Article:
Study Data Support the Validity of the Major Depression Bereavement Exclusion

See reply by Gilman et al.

Study Data Support the Validity of the Major Depression Bereavement Exclusion

To the Editor: Gilman et al1 support eliminating the DSM "bereavement exclusion" on the basis of results from their National Epidemiologic Survey on Alcohol and Related Condition (NESARC) epidemiologic analysis. However, the results of their analysis actually suggest the validity of the bereavement exclusion, consistent with other recently emerging evidence.

The bereavement exclusion classifies "uncomplicated" bereavement-related depressive episodes as normal distress and excludes them from major depressive disorder (MDD). To be uncomplicated, bereavement-related depressive episodes must remit within 2 months, be nonseverely impairing, and not include psychotic ideation, suicidal ideation, preoccupation with worthlessness, or psychomotor retardation.

Gilman and colleagues’ data bear on two questions about the validity of the bereavement exclusion, which are conflated in their discussion: (1) Are currently excluded uncomplicated bereavement-related depressive episodes justifiably classified as normal distress rather than MDD? (2) Do current criteria for uncomplicated bereavement-related depressive episodes optimally distinguish normal versus disordered bereavement-related depressive episodes? These can be referred to respectively as the questions of "conceptual validity" (are the currently excluded conditions in fact nondisorders that should be excluded?) and "construct validity" (does the current distinction properly "carve nature at its joints"?). Most DSM categories have not yet been shown to have construct validity.

Regarding question 1: Gilman and colleagues’ analysis replicates the most critical finding from Mojtabai’s 2 previous NESARC analysis: 3-year follow-up rates of depression were no different in those with a history of uncomplicated bereavement-related depressive episode and those with no history of MDD and much lower than in those with a history of standard MDD. This pattern of relationships has also been replicated in another epidemiologic data set.3 The distinctive lack of elevated recurrence over background incidence levels suggests that uncomplicated bereavement-related depressive episodes have no underlying dysfunction that increases recurrence risk and are best understood as normal reactions. The evidence thus supports the conceptual validity of the current exclusion.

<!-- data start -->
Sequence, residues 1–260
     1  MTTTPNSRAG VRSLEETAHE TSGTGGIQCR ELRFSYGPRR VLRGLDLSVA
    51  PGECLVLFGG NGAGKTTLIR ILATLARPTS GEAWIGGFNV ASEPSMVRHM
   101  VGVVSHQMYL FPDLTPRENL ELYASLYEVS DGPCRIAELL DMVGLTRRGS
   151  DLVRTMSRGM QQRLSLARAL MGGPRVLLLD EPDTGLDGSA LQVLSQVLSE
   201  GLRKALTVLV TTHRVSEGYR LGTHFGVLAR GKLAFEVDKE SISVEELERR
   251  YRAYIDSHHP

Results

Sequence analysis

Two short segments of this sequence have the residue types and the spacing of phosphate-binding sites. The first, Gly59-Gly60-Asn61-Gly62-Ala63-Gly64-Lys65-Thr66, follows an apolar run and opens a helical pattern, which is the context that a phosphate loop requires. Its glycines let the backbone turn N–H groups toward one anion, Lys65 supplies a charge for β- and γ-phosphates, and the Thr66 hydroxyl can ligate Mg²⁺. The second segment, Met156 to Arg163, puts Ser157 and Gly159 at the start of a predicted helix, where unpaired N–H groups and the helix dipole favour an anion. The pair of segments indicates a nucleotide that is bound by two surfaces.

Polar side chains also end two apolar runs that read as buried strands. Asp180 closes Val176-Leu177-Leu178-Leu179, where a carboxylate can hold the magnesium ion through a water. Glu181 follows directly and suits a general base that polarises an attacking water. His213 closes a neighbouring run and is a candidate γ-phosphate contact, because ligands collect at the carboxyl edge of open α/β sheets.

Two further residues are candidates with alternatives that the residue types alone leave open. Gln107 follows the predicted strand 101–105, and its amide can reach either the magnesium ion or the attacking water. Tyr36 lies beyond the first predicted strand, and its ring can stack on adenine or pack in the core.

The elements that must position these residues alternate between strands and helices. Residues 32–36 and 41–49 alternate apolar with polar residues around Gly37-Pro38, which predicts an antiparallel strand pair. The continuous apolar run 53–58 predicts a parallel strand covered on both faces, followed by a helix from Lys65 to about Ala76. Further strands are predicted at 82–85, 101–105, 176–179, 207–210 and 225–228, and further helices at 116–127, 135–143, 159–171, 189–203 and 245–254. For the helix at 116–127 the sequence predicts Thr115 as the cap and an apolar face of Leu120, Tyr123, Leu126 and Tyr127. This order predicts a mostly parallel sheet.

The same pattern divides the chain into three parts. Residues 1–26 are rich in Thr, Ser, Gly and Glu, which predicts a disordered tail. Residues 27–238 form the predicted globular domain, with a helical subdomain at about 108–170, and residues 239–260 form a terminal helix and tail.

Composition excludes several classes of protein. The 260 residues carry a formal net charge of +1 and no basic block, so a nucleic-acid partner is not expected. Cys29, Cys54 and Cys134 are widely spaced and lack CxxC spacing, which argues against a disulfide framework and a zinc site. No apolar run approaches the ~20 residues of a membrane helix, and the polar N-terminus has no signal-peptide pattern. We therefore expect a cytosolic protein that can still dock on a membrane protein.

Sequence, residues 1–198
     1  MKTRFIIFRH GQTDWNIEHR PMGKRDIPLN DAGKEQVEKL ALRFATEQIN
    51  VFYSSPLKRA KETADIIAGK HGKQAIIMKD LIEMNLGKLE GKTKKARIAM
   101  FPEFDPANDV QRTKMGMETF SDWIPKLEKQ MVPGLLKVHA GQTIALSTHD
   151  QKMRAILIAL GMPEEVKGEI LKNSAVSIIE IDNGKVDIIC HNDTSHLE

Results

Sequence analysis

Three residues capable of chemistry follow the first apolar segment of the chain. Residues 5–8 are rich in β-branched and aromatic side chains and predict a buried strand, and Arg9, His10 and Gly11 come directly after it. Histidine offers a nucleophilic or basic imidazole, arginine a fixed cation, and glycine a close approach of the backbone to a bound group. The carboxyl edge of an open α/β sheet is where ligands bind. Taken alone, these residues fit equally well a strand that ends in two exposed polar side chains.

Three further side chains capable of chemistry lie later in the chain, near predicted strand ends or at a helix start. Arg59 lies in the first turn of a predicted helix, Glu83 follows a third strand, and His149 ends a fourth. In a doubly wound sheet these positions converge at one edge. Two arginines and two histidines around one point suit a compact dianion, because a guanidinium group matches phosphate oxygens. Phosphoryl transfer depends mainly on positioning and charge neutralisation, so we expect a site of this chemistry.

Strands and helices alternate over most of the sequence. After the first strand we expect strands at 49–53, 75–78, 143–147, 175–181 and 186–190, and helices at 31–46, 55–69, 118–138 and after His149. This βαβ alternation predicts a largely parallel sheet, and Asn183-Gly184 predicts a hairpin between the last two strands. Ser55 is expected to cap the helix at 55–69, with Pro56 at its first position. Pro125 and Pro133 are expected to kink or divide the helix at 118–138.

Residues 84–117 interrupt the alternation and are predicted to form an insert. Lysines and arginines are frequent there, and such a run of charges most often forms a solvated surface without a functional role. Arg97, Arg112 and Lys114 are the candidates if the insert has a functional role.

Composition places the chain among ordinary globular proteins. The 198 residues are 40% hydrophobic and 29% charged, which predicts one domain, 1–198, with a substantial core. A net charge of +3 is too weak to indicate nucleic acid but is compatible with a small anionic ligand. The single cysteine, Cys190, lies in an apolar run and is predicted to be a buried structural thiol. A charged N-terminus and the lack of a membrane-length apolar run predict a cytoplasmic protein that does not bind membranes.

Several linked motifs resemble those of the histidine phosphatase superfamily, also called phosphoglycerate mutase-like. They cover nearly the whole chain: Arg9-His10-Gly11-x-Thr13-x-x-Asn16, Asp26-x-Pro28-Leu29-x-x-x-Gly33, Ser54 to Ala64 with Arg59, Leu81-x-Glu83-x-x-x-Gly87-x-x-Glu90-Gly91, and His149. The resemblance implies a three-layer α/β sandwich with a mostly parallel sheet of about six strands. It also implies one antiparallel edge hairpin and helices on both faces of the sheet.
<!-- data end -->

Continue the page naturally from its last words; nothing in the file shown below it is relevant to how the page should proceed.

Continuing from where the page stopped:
Regarding question 2: Gilman et al found no differences between uncomplicated and complicated bereavement-related depressive episodes on predictive validators, concluding that the distinction lacks construct validity. This finding bears examination because other studies demonstrate the strong concurrent criterion validity of the distinction.4,5

Gilman and colleagues’ failure to find uncomplicated/complicated validator differences is most likely due to limitations of NESARC data combined with methodological choices that undermined the power of the analysis. First, the NESARC interview identifies only bereavement-related depressive episodes that last less than 2 months whereas most complicated episodes last longer than 2 months, so only the subset of brief-duration complicated bereavement-related depressive episodes were sampled, strongly biasing the analysis toward milder complicated conditions that are more likely to resemble uncomplicated cases.6 Second, bereavement exclusion studies commonly use the MDD symptom "feeling worthless" to approximate the criterion of "morbidly preoccupied with worthlessness" used in diagnosing complicated episodes, whereas Gilman et al simply abandoned the "worthlessness" criterion altogether.